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Tie Guan Yin - 50g

  • Variety: Oolong 12% oxidisation
  • Origin: Hongxing Cun, Jiandou Zhen, An’xi Xian, China
  • Farmer: Wang Jing Sheng and Wang Geng
  • Trees: Refreshed cuttings from the original bushes passed down through ancestors
  • Elevation: 1000m
  • Harvest: April 2015
  • Taste: intoxicating bouquet, citrus, buttery, orchid, oak
  • Pairings: seafood, comte, almonds, fresh greens
  • Brewing: 90˚, 3g (2 tsp) per 200 ml, 30 sec, 4-5 infusions. Increase subsequent infusion times to taste.
  • Storage: airtight and in the freezer.




Gaiwan / Artisan Press / Yixing Tea Pot

The Wang Family use a gaiwan to brew their Tie Guan Yin in order to taste the unfurling of flavours with each infusion – remember the 3rd is usually the best. Warm and rinse your vessel and cups with boiled water. Place two teaspoons or 3g of tea into your vessel; a simple rule of thumb is that the leaves should generously cover the bottom. Add spring or filtered water at 95° or 30 seconds off the boil. Infuse 30 for seconds and pour into your cup(s). Remember to re-infuse 3-4 times, increasing steeping time to taste.



Peter likes to drink this tea by adding 2 healthy pinches of Tie Guan Yin to the bottom of a mug and filling it with spring or filtered water at 90° or 30 seconds off the boil. Wait 1 minute and drink. Refill your cup 2-4 times increasing infusion time to taste.



Tie Guan Yin was my first ‘favourite’ tea; the aroma is unforgettable and the taste is a light citrus with honey and a floral essence. It is the first tea I usually prepare for people who are just starting their tea journey. When I drink it now it is like visiting an old friend.


The kind hearted Mr. and Ms. Wang were introduced to me through my friend Linglong who went to University with their daughter. The Wangs live humbly in Jiandou Zhen in Anxi where true Tie Guan Yin originates. Mr. Wang's family have been farming Tie Guan Yin on the same10-acre parcel of land for more generations than he can remember - he for 50 years. In this village each farmer produces his own tea. Other families in the village will often work together for hand-picking but the actual processing happens in their homes.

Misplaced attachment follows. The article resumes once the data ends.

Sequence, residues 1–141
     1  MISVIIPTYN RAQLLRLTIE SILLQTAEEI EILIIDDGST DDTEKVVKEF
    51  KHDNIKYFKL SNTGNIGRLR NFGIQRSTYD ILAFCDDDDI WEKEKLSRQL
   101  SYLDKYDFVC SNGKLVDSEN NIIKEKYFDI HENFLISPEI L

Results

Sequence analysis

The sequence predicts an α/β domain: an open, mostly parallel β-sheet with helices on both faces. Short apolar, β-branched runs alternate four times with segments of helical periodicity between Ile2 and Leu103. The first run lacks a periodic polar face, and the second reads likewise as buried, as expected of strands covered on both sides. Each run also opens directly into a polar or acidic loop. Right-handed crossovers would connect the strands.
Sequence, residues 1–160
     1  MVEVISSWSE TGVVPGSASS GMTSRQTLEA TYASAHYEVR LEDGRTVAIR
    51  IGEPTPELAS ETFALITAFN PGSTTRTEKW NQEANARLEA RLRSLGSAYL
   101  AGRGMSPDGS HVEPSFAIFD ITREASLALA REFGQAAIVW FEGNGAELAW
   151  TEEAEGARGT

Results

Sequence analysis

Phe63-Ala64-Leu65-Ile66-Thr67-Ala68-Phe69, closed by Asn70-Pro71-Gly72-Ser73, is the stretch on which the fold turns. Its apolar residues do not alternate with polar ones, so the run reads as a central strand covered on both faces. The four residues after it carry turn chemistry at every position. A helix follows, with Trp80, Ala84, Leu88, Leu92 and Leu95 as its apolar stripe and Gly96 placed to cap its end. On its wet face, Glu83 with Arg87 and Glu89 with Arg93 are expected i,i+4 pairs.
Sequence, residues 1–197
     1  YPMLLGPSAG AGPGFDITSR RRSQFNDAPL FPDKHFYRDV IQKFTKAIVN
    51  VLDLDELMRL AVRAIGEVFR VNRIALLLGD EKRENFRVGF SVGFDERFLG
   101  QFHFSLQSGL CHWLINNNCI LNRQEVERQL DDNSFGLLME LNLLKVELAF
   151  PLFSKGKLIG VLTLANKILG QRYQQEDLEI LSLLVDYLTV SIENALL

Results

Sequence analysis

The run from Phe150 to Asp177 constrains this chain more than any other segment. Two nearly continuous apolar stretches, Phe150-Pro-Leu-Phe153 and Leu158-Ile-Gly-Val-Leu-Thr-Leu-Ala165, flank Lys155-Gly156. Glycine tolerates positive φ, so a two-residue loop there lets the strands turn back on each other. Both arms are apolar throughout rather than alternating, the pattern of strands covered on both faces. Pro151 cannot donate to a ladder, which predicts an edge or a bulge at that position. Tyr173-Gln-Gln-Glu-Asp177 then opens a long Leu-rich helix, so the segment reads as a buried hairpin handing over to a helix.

The Wangs incredible generosity deserves a mention because their overflowing kindness made me reflect on the imbalance of giving. The Wang’s are hard working farmers; they have a humble home, and eat simply. When Linglong and I arrived they had driven 6 hours in a beat up van to pick us up at the nearest bus station. As we climbed further and further into the mountains I realised that they had really gone out of their way. We arrived in their remote village situated at the end of a long winding dirt road and were treated to a beautiful tea session, hours of talking about farming, life and family, and then treated to a meal fit for a king! They killed a goose that would have normally been saved for Chinese New Year or another special holiday. 


The Wangs had worked very hard to save enough money to send their only daughter to University and had not seen her in two years because it was too expensive for her to travel back to the village. This kindness offered was also in honour of her, that Linglong had come to say hello. We drank more tea after dinner, played cards, and then when I thought it was time for bed, Mrs.Wang called us into the kitchen for a second dinner! Linglong could not believe it; she knew that this treatment was for very special occasions. The second dinner was a selection of fish, noodles, and vegetables that had been in preparation for a long time. We drank homemade wine and toasted each other late into the night. There were tears of joy and endless laughter – a proper family gathering. Through this experience I was reminded that those who have the least give the most. A lesson for us all.


This Tie Guan Yin was picked and processed mid April of 2015. It has a very light roast honouring the fresh and aromatic essence that Tie Guan Yin is famous for. I cannot express enough the generosity and kindness that the Wangs showed me.


Guan Yin is the Goddess of compassion and mercy. Legend holds that she was a Buddhist who through great love, grace and sacrifice during her life earned the right to enter Nirvana after her death. She chose to stay with the people of earth and heal the hearts of the suffering. Guan Yin is found throughout Asia answering the prayers of those who invoke her presence. 

SKU: 7JST-010

Availability: Out of stock

Now: £2.50
Was: £5.00
Save: £2.50 VAT Exempt

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